Lebanon’s Baabda Declaration, a national necessity

The Baabda Declaration constitutes an important document that remains a national requirement

Nayla Tueni
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Former Lebanese President Emile Lahoud’s recent statements that the 2012 Baabda Declaration, which had underscored Lebanon’s neutrality with regard to the events in the Middle East region, is “tantamount to surrender and treachery against the people, army and Resistance and a denial of victories and achievements all under the slogan of [the policy] of dissociation” do not matter much and are, in my view, political maliciousness.

If we take a look at the Baabda Declaration, we would realize that its controversial clauses constitute a solution to the ever-plaguing crises which Lebanon is currently suffering

Nayla Tueni

The Baabda Declaration constitutes an important document that remains a national requirement. Domestic parties must liberate themselves from their commitment to foreign parties and must work on the basis of national motivations and thus not link their activity and fate to foreign parties who only seek to achieve their aims and use Lebanese parties as mere chess pieces.

If we take a look at the Baabda Declaration, which was approved in June 2012, we’d realize that its controversial clauses - or rather the items which later became a topic of controversy - constitute a solution to the ever-plaguing crises which Lebanon is currently suffering.

Harboring Lebanon

Item 12 of the declaration stipulated ridding Lebanon of the policy of axes and regional and international struggles and harboring it from the negative repercussions of regional crises and disturbances out of concern for (Lebanon’s) higher interest, national unity and civil peace and (for the sake of) keeping up the duty of commitment to international legitimacy, Arab consensus and the rightful Palestinian cause, including the Palestinian refugees’ right of return to their land and not naturalizing them.

Item 13 of the document stipulates keenness to control the situation along the Syrian-Lebanese borders, to prohibit the establishment of a buffer zone inside Lebanon and the usage of Lebanon as a headquarters or a passage to smuggle weapons and fighters and to maintain the right of (voicing) humanitarian solidarity and the right of political and media expression as guaranteed by the constitution and law.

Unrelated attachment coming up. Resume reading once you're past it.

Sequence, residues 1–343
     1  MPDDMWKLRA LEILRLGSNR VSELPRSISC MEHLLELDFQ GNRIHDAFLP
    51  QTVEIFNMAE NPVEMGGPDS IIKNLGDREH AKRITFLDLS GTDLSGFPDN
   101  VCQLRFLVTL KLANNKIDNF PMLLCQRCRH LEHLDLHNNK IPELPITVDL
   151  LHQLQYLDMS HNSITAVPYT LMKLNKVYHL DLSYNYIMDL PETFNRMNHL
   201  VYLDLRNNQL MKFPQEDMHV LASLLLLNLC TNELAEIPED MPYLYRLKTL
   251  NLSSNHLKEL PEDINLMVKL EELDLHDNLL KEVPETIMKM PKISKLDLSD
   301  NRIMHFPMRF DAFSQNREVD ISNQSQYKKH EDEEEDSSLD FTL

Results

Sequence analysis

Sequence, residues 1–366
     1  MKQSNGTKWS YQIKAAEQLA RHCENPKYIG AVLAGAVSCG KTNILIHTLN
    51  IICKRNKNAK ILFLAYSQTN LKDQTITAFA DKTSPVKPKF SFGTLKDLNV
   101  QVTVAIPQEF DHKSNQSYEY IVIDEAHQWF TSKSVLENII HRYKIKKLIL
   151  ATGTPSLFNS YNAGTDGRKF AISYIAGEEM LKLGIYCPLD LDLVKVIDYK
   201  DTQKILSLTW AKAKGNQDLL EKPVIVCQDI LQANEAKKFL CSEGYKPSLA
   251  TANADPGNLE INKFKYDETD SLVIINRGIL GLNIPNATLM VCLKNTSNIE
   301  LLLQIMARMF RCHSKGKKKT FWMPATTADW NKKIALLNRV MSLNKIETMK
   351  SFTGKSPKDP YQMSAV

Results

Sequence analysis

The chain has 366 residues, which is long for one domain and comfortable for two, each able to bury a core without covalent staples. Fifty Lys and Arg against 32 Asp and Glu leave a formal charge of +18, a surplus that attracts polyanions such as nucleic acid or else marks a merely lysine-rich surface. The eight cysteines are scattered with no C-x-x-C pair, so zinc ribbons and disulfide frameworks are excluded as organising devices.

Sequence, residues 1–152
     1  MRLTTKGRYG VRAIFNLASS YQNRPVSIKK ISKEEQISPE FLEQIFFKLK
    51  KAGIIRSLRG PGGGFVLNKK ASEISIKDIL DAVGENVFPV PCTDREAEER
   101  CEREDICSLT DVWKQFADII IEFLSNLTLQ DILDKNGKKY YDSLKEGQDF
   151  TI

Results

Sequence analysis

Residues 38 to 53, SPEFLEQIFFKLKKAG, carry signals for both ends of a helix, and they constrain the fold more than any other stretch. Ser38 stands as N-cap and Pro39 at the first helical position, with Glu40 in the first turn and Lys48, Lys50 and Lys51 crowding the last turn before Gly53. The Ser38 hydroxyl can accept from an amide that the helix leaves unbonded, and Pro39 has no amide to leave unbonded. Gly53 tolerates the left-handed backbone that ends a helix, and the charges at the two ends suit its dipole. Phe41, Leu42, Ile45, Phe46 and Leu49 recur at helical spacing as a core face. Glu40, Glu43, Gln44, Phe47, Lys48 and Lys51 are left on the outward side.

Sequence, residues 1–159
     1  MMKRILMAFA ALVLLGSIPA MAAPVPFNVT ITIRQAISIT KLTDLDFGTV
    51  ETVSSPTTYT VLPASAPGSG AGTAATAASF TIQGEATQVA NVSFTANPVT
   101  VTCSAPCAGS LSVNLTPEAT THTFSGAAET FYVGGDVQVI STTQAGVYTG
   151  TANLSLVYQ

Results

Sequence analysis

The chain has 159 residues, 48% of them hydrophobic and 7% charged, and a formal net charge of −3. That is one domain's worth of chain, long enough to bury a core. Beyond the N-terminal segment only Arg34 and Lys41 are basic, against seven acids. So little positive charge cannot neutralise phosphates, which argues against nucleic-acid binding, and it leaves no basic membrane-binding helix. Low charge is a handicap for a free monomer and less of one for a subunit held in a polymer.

Surrender and submission?

Why object to these items and how are they tantamount to surrender and submission? The right of resistance is legitimate to all Lebanese people inside any of their occupied lands but not inside Syrian cities and towns. Not allowing the establishing of a buffer zone is an urgent demand that aims to prevent having a border strip like what happened in south Lebanon during the era of Israeli and Palestinian occupation of it. As for neutralizing Lebanon, whenever possible, then that’s the cure for a relatively close country that lives on via the combination of different worlds in order to survive. Lebanon has suffered several times particularly whenever it tried to take sides or engage in political games.

Lebanon’s higher interest calls for returning to the Baabda Declaration regardless of whether political parties agree or disagree with former President Michel Suleiman as the declaration is not his property but the property of the Lebanese people who had hoped that decisions made at national dialogue sessions would constitute a common ground that decreases tensions and prevents the worsening of the situation.

This article was first published in al-Nahar on June 25, 2015.


Nayla Tueni is one of the few elected female politicians in Lebanon and of the two youngest. She became a member of parliament in 2009 and following the assassination of her father, Gebran, she is currently a member of the board and Deputy General Manager of Lebanon’s leading daily, Annahar. Prior to her political career, Nayla had trained, written in and managed various sections of Annahar, where she currently has a regular column. She can be followed on Twitter @NaylaTueni

Disclaimer: Views expressed by writers in this section are their own and do not reflect Al Arabiya English's point-of-view.
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